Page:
• Gardasil has been tested and shown to prevent pre-cancers of the vulva, vagina, and anus.
  • Gardasil protects against HPV-6 and HPV-11, the virus types that commonly cause genital warts.

Gardasil 9

  • Gardasil 9 is a newer version of the Gardasil vaccine, and was approved in December 2014. It confers immunity to 9 HPV types (6, 11, 16, 18, 31, 33, 45, 52 and 58).

Cervarix

  • Cervarix is another HPV vaccine that prevents infection from HPV types 16 and 18 that are the two HPV types most commonly associated with cervical cancer. Cervarix is manufactured by GlaxoSmithKline and is the second HPV vaccine to be developed. Cervarix was withdrawn from the US market in 2016.

How effective is the HPV vaccine?

Both types of the Gardasil and the Cervarix vaccine are effective against diseases caused by HPV-16 and HPV-18 and can prevent cervical pre-cancers in women as well as cancers of the cervix, vulva, vagina, penis, anus, and oropharynx. Only Gardasil protects against HPV-6 and HPV-11, the virus types that commonly cause genital warts.

At what ages should a person get the HPV (human papillomavirus) vaccine, and is it recommended for females and males?

HPV vaccine age recommendations for girls and women

Ideally, vaccination should occur before youth become sexually active, since those who have not yet been infected with any HPV types will get the full benefit of the vaccine. Therefore, the CDC recommends that 11- to 12-year-old girls should receive three doses of HPV vaccine, and young women ages 13 through 26 should get the vaccine if they did not receive any or all doses when they were younger.

HPV vaccine age recommendations for boys and men

Gardasil is also approved for use in males aged 9 to 26. The CDC recommends Gardasil for all boys aged 11 or 12 years, and for males aged 13 through 21 years who did not receive the full three vaccination series. Men up to age 26 may receive the vaccine. The HPV vaccine is recommended for any men who have sex with men or men with compromised immune function, up through 26 years of age.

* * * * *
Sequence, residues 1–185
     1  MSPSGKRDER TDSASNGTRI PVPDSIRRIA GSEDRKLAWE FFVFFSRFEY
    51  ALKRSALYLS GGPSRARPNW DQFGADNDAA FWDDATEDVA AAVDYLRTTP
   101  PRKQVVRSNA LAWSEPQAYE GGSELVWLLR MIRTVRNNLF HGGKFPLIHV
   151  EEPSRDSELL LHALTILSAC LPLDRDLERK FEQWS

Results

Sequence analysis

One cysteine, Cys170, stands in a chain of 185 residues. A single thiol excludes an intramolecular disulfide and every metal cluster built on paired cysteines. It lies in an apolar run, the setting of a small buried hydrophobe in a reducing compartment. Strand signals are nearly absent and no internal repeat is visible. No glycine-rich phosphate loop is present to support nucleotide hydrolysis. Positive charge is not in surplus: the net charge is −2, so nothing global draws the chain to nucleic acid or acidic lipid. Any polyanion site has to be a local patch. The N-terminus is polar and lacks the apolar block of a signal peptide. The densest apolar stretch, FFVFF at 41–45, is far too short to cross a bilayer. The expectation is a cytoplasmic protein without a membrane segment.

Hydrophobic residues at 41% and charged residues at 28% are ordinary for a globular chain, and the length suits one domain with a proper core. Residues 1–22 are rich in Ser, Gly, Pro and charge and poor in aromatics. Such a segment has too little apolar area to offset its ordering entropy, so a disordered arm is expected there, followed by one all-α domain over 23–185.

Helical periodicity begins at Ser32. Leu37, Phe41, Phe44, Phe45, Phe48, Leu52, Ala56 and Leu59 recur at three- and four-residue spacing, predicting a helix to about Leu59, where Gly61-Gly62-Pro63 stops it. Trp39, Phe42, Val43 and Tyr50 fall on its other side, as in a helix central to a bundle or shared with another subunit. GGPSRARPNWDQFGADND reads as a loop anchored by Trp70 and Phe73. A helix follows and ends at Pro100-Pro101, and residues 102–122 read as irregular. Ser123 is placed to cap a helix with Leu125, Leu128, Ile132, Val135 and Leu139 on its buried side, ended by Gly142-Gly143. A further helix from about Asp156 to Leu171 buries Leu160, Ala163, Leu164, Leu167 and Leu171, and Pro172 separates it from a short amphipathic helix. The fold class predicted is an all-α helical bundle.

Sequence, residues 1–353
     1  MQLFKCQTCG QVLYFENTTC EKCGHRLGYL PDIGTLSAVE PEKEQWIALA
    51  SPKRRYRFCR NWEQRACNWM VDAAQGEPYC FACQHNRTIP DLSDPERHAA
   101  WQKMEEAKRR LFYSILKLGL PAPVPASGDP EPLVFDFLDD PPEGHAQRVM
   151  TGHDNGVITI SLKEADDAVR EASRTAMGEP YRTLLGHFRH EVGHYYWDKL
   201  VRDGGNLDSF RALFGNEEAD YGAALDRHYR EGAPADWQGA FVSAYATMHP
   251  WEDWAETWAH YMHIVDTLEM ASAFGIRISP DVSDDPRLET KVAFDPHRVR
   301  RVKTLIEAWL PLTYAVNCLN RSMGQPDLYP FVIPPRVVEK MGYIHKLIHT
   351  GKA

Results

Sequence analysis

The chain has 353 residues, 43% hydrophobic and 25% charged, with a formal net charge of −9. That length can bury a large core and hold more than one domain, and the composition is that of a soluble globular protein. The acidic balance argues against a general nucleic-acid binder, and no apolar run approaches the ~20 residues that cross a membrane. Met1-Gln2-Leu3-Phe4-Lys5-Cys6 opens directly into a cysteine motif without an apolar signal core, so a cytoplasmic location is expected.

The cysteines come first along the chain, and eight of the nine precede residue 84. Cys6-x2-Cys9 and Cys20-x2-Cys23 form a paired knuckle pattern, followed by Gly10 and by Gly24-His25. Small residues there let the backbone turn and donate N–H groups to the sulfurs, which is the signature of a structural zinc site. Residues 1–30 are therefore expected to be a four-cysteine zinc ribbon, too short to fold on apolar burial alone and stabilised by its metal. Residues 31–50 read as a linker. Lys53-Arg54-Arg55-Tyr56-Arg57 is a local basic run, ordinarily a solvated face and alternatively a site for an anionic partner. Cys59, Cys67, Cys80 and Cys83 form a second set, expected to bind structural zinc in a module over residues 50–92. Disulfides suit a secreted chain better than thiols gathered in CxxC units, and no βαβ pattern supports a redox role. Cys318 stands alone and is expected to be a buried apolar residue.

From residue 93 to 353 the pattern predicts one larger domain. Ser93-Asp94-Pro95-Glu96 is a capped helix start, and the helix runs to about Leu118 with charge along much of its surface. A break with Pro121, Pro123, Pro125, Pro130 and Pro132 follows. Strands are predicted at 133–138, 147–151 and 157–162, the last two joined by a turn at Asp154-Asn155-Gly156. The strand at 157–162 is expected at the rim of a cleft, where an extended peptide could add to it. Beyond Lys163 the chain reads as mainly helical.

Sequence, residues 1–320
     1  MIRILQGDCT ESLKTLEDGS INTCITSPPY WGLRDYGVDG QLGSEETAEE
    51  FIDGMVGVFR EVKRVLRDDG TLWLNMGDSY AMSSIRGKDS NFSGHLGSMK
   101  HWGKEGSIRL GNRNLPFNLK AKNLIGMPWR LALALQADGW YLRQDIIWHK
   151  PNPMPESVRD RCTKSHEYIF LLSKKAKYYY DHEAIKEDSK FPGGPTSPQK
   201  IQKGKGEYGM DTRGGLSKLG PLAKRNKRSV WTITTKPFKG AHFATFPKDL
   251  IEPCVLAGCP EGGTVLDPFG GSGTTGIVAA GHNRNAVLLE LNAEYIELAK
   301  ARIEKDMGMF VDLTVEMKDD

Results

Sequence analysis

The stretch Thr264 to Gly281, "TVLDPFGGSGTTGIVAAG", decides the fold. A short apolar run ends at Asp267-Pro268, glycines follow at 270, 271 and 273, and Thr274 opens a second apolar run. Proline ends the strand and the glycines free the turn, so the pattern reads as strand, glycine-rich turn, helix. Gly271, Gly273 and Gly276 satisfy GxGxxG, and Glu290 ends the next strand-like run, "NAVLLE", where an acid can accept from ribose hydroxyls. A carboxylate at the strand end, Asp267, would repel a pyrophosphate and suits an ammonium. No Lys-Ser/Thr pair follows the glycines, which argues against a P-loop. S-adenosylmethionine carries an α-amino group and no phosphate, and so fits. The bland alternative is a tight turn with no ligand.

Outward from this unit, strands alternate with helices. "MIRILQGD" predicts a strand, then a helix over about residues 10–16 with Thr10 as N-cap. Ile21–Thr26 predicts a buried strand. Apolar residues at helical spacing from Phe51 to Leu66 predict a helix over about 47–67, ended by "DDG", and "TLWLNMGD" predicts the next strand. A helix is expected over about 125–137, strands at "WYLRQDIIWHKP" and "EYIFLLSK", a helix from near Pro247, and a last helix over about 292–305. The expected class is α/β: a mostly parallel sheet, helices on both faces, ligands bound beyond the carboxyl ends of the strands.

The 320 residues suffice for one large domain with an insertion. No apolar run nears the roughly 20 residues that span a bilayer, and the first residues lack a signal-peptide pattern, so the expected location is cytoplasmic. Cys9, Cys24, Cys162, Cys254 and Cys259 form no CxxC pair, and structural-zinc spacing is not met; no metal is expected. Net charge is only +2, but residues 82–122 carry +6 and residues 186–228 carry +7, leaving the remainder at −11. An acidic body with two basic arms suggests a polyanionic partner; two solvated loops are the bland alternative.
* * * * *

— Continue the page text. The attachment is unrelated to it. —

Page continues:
What research is being done to determine if the HPV (human papillomavirus) vaccine is beneficial to older women?

Research is ongoing to determine whether the vaccine has any beneficial effects in older women. Its safety for use in pregnant women has not yet been determined. It is also not known if the vaccine confers lifelong immunity, since long-term study results are not yet available.

Does the HPV vaccine provide protection from all types of HPV (human papillomavirus) infection?

  • Gardasil only targets the four major types of HPV that infect the genital tract. It does not protect against all causes of HPV.
  • HPV types 16 and 18 are the cause about 70% of all cervical cancers, and HPV types 6 and 11 cause about 90% of genital warts.
  • Gardasil 9 protects against additional HPV types 31, 33, 45, 52, and 58.
  • All women, including those who have received the vaccine, should still undergo regular cervical cancer screenings.

Medically reviewed by Wayne Blocker, MD; Board Certified Obstetrics and Gynecology

REFERENCE:

"Human Papillomavirus (HPV) Vaccine Safety." Centers for Disease Control and Prevention. Updated Oct 27, 2015.
<http://www.cdc.gov/vaccinesafety/vaccines/hpv-vaccine.html>

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Reviewed on 3/22/2017 12:00:00 AM